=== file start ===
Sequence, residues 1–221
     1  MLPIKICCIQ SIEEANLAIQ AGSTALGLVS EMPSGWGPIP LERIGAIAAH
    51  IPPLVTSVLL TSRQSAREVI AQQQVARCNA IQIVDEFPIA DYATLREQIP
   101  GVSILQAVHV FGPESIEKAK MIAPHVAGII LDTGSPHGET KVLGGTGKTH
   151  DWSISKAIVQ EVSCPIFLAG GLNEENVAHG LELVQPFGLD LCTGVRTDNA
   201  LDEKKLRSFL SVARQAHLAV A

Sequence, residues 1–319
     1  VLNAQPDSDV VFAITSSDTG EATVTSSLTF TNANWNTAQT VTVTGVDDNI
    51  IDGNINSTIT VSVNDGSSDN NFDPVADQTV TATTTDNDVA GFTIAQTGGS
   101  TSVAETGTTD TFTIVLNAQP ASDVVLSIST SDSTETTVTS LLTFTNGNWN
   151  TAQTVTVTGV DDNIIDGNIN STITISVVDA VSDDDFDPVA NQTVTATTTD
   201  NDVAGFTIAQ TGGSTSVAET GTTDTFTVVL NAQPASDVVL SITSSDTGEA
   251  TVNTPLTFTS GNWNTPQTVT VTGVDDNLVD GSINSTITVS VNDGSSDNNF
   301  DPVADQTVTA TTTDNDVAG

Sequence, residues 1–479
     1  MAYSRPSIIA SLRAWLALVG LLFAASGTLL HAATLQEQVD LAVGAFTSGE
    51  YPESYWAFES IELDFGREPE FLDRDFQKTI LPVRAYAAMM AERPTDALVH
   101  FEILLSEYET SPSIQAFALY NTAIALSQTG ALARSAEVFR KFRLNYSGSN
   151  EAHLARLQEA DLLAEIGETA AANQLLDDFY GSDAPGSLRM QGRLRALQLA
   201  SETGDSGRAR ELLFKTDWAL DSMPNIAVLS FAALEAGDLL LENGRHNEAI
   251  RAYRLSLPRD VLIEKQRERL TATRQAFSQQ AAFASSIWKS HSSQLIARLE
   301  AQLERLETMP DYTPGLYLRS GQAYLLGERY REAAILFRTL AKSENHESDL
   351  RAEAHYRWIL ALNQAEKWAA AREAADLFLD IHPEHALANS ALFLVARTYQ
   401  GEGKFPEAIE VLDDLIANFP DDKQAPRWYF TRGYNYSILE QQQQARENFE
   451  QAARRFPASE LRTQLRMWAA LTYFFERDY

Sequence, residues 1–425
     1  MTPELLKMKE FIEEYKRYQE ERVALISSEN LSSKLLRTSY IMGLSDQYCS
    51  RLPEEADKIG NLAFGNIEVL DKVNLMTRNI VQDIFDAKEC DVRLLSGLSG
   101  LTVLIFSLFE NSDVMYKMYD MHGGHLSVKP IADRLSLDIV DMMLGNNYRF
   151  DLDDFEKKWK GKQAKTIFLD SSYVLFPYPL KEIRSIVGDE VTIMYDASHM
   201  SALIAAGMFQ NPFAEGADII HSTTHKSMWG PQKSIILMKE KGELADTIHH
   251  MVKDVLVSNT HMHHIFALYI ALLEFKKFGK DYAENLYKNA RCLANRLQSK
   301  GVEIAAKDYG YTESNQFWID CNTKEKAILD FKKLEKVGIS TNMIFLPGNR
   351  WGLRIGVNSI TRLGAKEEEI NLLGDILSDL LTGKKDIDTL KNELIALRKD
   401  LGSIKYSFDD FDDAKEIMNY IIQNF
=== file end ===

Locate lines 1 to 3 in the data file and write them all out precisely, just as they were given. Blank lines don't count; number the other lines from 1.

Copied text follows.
Sequence, residues 1–221
     1  MLPIKICCIQ SIEEANLAIQ AGSTALGLVS EMPSGWGPIP LERIGAIAAH
    51  IPPLVTSVLL TSRQSAREVI AQQQVARCNA IQIVDEFPIA DYATLREQIP